Celebrate (and check) your drinking water in May

Celebrate (and check) your drinking water in May

National Drinking Water Week is held in May each year to bring attention to important water quantity and quality issues and their relationship to drinking water supplies.  The attention to drinking water during that week provides an opportunity to learn more water resources in general and also serves a reminder to think about where your water comes from.

If you have your own drinking water well, one of the best ways to observe National Drinking Water Week is to use it to have your drinking water quality tested.  May in Nebraska means warming soil temperatures, rain storms, greening grass and more outside activity.  Warming soil temperatures also signal one of the most opportune times to get the best idea of your drinking water quality. 

Private water supplies should be tested for total coliform bacteria and nitrates each year.  Both substances can result in serious health complications.  The only acceptable level of total coliform bacteria in your drinking water is no (zero) total coliform bacteria. The maximum contaminant level (MCL) for nitrate is 10 milligrams per liter (mg/L)—which is sometimes stated as parts per million (ppm).  As nitrate levels approach or pass that MCL, well owners should consider treatment options. 

As a private well owner you should also test your drinking water if:

  • your well has been inundated with storm water or other runoff,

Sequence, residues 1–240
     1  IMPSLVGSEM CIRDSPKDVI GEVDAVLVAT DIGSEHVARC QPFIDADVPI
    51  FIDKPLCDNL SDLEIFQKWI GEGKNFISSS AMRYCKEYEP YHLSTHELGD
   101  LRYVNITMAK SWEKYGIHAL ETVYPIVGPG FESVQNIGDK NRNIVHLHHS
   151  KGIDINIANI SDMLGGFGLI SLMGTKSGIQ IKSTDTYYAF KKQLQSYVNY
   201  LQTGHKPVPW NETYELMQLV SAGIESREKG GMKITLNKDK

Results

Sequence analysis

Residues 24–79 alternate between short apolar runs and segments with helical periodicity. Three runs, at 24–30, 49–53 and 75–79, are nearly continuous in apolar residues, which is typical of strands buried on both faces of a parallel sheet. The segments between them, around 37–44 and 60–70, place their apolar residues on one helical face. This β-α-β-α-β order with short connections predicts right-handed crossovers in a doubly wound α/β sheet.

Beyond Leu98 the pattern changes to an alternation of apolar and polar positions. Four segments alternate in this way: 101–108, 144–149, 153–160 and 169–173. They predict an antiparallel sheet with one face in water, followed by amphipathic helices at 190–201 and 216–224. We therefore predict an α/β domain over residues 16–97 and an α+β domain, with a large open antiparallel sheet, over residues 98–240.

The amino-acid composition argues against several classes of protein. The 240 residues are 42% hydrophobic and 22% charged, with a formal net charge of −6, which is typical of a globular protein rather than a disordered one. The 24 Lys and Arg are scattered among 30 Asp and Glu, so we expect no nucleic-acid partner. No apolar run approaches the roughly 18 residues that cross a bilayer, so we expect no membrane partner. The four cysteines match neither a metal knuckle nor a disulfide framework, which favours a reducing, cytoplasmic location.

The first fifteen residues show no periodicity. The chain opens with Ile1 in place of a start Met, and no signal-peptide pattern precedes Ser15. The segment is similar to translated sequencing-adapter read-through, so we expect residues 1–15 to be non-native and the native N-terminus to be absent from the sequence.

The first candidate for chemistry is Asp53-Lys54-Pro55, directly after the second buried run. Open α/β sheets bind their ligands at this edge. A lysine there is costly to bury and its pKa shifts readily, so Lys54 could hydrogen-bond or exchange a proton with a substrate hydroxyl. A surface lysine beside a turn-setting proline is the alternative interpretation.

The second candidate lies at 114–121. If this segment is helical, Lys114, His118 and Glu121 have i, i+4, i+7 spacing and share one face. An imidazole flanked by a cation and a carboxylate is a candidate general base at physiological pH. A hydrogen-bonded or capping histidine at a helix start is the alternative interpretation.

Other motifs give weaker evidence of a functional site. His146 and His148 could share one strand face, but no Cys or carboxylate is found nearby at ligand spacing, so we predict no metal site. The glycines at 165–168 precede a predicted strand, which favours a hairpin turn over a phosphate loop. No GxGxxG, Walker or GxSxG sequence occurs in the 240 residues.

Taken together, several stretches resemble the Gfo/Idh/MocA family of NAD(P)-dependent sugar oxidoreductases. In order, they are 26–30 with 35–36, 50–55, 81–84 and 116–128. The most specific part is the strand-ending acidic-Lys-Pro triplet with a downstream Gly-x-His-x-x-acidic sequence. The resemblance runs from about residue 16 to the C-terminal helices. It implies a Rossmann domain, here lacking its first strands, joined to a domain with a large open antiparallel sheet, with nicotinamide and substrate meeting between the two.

• you have noticed any significant changes such as color, odor, taste or staining of household fixtures or linens,
  • cracks in the well casing or well cap, or other issues with your well itself have been observed,
  • land use around the well has changed, or
  • significant spill of chemicals within the area

You may also have it tested if you hear from neighbors, local government or your water well professional that there are water quality issues in the area. 

Water quality tests should only be done by the Department of Health & Human Services State Public Health Environmental Lab or labs that have been certified by the Department of Health & Human Services.  Information on obtaining sample kits as well as a list of certified labs can be found at: http://dhhs.ne.gov/publichealth/Pages/lab_index.aspx. Local Natural Resources Districts also often assist with drinking water tests. Your water well professional can also assist you with the sample as well as periodic inspection of your well components.

Here are some other ideas to help you learn more about and protect your drinking water:

  • Take time to walk around your wellhead and make sure that nothing on the wellhead is damaged or potential contaminant sources are too close to your wellhead
  • Make sure you are performing regular maintenance on your onsite wastewater system and following all operating guidelines
  • familiarize yourself with the wealth of information on the Nebraska Extension water website: water.unl.edu. 
  • If you receive your water from a public supply, take time to look through their information on quality, quantity and other related programs.

Knowledge of your drinking water and the critical water resources across our state is essential to help protect your health and the quality and quantity of water available for people, agriculture, wildlife and the environment.


This article was reviewed by Bruce Dvorak

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